The demands for cleanliness are increasing and therefore weigh heavier on the development and production of advanced high-tech equipment. As a consequence, contamination control is increasingly important for business cases of machine builders regarding quality, functionality and aesthetics versus cost of goods and development. According to John Timmermans, Technical Specialist and member of the Cleanliness Competence Team at NTS, it is therefore only logical that NTS elevates cleanliness to a core competence. ‘It’s a matter for all parties involved and it revolves around human awareness and action. This requires a dedicated, focused organization with motivated operators.'
We are living at the dawn of a new era. Our technology is rapidly becoming more intelligent and enables us to do things which were held impossible just a few year ago. We spend our days online with our mobile devices, use surgical robots, print 3D aircraft parts and food and can see atoms. This kind of innovation is made possible by the significant increase of the process accuracies of high-tech machine builders, for instance in developing advanced software. But the speed of innovation in the hardware domain is also stunning, for example in the field of creating incredibly small structures. To make this all possible cleanliness awareness is becoming extremely important.
About three years ago NTS established its Cleanliness Competence Team (CCT) in order to build up, secure and archive cleanliness competence and to set design guidelines. Although contamination control had been a natural part of a lot of projects within the enterprise, this marked the official recognition of cleanliness as a core competence that had to be embedded in all layers of the organization.
‘These achievements are enormous and still the limits of technical possibilities are shifting steadily, states Timmermans. This provides new challenges for OEMs and their suppliers. Cleanliness is one of the current major themes. Evidently- when you work exactly to the nanometer or create a high voltage field in a vacuum for example - the least amount of contamination can have harmful effects such as faltering production processes, failing or improper applications and limiting the lifetime of machines. And in addition: products simply have to look okay. Nobody buys a new car with a scratch or weird spots. So when we talk about cleanliness, we are talking about a potential of serious harm to the business cases of OEMs.'
NTS is a multidisciplinary company that serves OEMs worldwide. It’s work domain covers both the development and assembly of high-tech modules and machines, and the production of key components. Timmermans emphasizes that, regarding this proposition, NTS sees cleanliness as an integral task that requires a deep and broad knowledge, the right tools and specific skills.
‘Preventing contamination starts with concept designs and process definitions. In these early phases, as well as later down the track, we look at this theme from the perspective of creating an optimal balance. Nothing is clean. There's always pollution. We don't want it as clean as possible but as clean as needed. Overdesigning is never productive because of the negative impact on the speed and costs of projects. A substantial part of those first steps is therefore creating clarity on the level of cleanliness required. Pollution can be anything: dust, water, oil, bacteria, degassing, you name it.'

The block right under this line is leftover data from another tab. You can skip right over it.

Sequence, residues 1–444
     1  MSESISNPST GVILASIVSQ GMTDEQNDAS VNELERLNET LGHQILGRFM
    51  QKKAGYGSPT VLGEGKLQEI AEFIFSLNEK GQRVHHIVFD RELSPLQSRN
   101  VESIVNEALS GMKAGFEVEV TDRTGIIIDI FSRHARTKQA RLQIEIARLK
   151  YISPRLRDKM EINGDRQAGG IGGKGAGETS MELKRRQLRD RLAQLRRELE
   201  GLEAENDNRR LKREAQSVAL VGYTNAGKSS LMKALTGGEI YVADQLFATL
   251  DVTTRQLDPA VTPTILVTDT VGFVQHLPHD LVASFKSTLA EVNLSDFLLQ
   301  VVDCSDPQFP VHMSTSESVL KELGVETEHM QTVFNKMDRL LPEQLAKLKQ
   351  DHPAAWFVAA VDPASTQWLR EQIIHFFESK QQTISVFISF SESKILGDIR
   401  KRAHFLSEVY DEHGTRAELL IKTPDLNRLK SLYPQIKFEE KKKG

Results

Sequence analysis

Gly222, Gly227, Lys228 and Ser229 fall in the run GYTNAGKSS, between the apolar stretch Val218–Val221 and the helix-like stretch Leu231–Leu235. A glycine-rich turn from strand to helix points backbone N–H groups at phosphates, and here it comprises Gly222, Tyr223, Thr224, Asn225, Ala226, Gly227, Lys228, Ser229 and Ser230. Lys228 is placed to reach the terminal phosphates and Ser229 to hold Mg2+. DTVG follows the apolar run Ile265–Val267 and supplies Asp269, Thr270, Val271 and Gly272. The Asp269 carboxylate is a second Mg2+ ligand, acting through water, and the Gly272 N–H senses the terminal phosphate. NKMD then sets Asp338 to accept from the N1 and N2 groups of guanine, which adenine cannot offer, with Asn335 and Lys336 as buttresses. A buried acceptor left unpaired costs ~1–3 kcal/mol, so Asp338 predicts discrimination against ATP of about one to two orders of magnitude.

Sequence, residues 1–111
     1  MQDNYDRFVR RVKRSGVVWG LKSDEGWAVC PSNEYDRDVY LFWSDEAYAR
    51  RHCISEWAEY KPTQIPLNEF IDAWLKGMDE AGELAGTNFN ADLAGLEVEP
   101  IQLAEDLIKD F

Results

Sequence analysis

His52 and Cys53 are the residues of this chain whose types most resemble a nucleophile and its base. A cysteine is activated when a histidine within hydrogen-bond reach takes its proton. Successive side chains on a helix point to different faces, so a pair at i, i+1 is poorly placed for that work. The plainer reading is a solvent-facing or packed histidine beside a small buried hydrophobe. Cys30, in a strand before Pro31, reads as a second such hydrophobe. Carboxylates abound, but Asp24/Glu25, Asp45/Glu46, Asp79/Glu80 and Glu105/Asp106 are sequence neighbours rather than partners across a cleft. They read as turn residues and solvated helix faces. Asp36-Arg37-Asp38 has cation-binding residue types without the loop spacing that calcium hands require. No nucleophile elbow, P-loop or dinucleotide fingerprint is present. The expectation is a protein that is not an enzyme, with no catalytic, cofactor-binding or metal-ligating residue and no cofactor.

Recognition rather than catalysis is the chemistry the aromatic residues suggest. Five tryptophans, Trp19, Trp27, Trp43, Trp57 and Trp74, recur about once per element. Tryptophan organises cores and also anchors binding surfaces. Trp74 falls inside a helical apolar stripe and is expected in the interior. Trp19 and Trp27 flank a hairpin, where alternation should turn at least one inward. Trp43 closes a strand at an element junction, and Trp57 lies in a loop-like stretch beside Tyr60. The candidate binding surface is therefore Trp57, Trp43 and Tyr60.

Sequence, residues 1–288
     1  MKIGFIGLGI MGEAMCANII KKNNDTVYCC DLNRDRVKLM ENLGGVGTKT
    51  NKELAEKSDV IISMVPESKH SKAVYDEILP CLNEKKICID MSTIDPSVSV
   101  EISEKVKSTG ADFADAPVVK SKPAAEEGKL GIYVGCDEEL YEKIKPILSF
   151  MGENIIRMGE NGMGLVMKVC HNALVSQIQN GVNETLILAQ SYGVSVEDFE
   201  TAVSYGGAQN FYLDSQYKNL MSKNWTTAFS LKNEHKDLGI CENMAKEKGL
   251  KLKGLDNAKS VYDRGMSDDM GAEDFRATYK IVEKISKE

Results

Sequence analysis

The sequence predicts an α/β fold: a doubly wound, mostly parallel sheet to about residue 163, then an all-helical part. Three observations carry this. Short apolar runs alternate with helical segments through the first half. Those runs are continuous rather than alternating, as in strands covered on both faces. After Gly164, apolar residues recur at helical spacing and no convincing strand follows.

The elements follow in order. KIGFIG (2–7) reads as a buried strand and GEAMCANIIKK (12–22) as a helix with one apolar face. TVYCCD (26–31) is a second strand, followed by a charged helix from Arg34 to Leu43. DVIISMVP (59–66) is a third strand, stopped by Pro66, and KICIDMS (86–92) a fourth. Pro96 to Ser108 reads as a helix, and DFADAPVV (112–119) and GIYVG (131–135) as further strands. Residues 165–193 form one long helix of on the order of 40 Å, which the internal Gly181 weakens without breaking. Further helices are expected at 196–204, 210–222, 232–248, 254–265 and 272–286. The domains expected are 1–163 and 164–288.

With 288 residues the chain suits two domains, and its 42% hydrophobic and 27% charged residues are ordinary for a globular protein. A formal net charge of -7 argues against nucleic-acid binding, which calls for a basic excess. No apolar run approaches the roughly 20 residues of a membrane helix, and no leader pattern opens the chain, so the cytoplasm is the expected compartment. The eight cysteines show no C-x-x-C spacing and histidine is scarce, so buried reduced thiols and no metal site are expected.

Taking the lead
‘Contamination control is a matter of thresholds and limits; what is permissible and what is not, and how to build in checks during manufacturing to prove the contamination is still within these limits.’ So says Marcel Kouters, System Lead Engineer at NTS, in addition to his colleague. 'All these things make the impact of cleanliness requirements particularly complex. Moreover, as a development and production partner our role and responsibilities vary case by case. Some OEMs lay their requirements down to the smallest detail on the basis of ISO standards or their own criteria. During other projects there is room for collaboration in translating demands regarding cleanliness into the most cost effective measures in Technical Product Demands and ways of working. And sometimes - usually when start-ups are involved - the customer sometimes have not thought about the impact of contamination and taking the lead is up to us. In short, everyone has his own view on cleanliness and how to achieve an optimal result.'
Contamination control will keep growing in importance in the creation of advanced technology and equipment. According to Timmermans this is only logical. ‘the major players in the semicon industry. still follow Moore's law. This automatically results in heavier requirements for cleanliness. And we see the same trend in every high-tech market we serve. moving forward in designing and building for cleanliness is a shared responsibility of the entire value chain. This means NTS also has to increase its focus on contamination control with clear procedures for: specification of the required cleanliness, guidelines to design for cleanliness, work instructions for clean production, recipes for cleaning and facilities for clean assembly and packaging. At the same time, we must all realize that contamination control is all about people at work. You can capture a lot in norms, agreements and technological solutions. But it all starts with awareness and ownership of all stakeholders and working together on every level.' With involvement of all engineers and operators we proudly work on advanced high tech systems to make an exciting future.
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